Using a global dataset for N and P in both green and senesced leaves, we explored patterns and mechanisms in the responses of NRE vs PRE across woody plants with contrasting leaf habits. To our knowledge, this is the first investigation that shows a clear and global-scale negative relationships between the relative nutrient limitation (based on foliar N:P ratio) and the difference in nutrient resorption efficiency of N vs P (indicated by NRE minus PRE) across woody species, growth-forms, and vegetation-types. This relationship supports a relative resorption hypothesis that plants resorb proportionately more of the relatively more limiting nutrient. The relative resorption hypothesis suggests another potential way to determine the critical (optimal) N:P ratio (when NRE ≈ PRE) in a given plant community/vegetation. Moreover, according to the hypothesis, communities with higher/lower foliar N:P (more likely P/N limited) tend to produce litter with disproportionately higher/lower N:P, causing a worsening status of P/N availability; this positive feedback may however be counteracted by several negative-feedback mechanisms.

P generally shows higher variability in resorption efficiency, and higher resorption sensitivity to nutrient availability, compared to N, suggesting that the resorption of P seems more important for plant nutrient conservation and N:P stoichiometry. Deciduous plants have lower PRE than NRE while evergreens, conifers, and N-fixers have higher PRE than NRE, consistent with predictions of the relative resorption hypothesis. Evergreens show lower response of (NRE-PRE) to nutrient status, compared to deciduous plants and conifers, which is possibly related to their relatively long growing seasons and thus the relatively stable rate of nutrient re-translocation in EB.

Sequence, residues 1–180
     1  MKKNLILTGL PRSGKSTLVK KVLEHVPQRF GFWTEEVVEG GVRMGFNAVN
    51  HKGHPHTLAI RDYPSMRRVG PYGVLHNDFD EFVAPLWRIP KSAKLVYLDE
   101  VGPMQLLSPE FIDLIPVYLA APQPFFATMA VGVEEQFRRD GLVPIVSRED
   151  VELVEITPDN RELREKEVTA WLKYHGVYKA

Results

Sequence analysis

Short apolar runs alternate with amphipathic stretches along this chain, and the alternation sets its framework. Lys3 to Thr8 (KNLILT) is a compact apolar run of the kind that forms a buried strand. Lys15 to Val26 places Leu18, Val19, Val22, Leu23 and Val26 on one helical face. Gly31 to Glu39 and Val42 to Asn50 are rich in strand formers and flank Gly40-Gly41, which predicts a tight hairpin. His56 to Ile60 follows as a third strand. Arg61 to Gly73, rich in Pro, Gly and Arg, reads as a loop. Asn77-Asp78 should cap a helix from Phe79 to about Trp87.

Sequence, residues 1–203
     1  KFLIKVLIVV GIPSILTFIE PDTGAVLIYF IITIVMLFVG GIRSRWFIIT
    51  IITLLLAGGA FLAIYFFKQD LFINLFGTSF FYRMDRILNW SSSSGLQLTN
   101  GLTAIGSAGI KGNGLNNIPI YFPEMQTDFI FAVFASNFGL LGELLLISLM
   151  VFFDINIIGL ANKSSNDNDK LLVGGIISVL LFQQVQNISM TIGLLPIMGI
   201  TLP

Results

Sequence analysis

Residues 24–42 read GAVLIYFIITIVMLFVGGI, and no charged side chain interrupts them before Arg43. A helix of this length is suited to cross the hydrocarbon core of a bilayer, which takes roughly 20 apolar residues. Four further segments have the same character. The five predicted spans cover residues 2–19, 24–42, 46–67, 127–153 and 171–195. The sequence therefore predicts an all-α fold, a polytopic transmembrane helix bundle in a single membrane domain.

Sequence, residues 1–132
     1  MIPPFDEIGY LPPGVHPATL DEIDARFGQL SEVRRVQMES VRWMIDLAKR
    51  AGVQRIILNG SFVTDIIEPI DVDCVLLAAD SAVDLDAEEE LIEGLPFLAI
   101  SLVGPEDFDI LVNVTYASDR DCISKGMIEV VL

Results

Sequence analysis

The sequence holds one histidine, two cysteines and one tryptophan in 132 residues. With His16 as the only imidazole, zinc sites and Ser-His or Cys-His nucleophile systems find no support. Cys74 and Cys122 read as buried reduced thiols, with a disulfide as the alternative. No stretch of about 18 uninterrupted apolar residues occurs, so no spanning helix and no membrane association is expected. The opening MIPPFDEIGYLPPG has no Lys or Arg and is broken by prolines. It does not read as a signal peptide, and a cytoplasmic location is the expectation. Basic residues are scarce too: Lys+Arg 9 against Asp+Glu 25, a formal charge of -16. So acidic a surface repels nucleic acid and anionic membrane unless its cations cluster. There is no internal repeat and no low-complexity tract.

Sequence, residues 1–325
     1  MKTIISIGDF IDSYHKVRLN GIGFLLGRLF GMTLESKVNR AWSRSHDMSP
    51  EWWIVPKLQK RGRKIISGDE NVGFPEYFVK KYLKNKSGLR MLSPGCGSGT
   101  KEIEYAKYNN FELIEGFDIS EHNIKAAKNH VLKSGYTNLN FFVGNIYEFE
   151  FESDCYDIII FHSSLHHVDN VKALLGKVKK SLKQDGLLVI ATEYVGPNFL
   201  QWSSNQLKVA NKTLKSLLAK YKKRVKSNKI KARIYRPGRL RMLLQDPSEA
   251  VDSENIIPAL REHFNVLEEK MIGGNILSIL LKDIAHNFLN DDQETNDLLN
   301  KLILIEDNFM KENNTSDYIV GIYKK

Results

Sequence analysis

This study indicates that foliar N:P ratio, together with (NRE-PRE), can provide a useful tool for the assessment of plant N vs P nutritional status and improve our understandings of the underlying mechanism of nutrient resorption. This should be helpful in predicting how variations in plant nutrient availability induced by global change will influence the nutrient resorption process in different plant groups and alter global nutrient cycling.

Supporting Information

Appendix S1.

Literature based on which the dataset were compiled for leaf nitrogen and phosphorus resorption efficiency in global woody plants.


Figure S1.

Global distribution of green-leaf N:P ratio and the relative resorption efficiency.


Figure S2.

Relationships between relative resorption efficiency and the latitude/climates.


Table S1.

Uncorrected nutrient resorption efficiency and senesced-leaf N and P concentration for different plant types.


Table S2.

Results of fertilization experiments with conifer vegetation, showing green-leaf N:P ratios and nutrient status of the vegetation.



We thank S. P. Wang, X. Zhao, and L. Jiang for assistance in data collection, X. D. Xie for helpful discussion, and M. J. Lechowicz for constructive comments and language editing. We thank R. P. Niedz and the anonymous reviewers for their valuable comments. The authors also acknowledge all the researchers whose works have contributed to the dataset complied and analyzed in this study.

Author Contributions

Conceived and designed the experiments: WH JF. Performed the experiments: LT WH. Analyzed the data: WH LT. Contributed reagents/materials/analysis tools: LT YC. Wrote the manuscript: WH LT YC JF.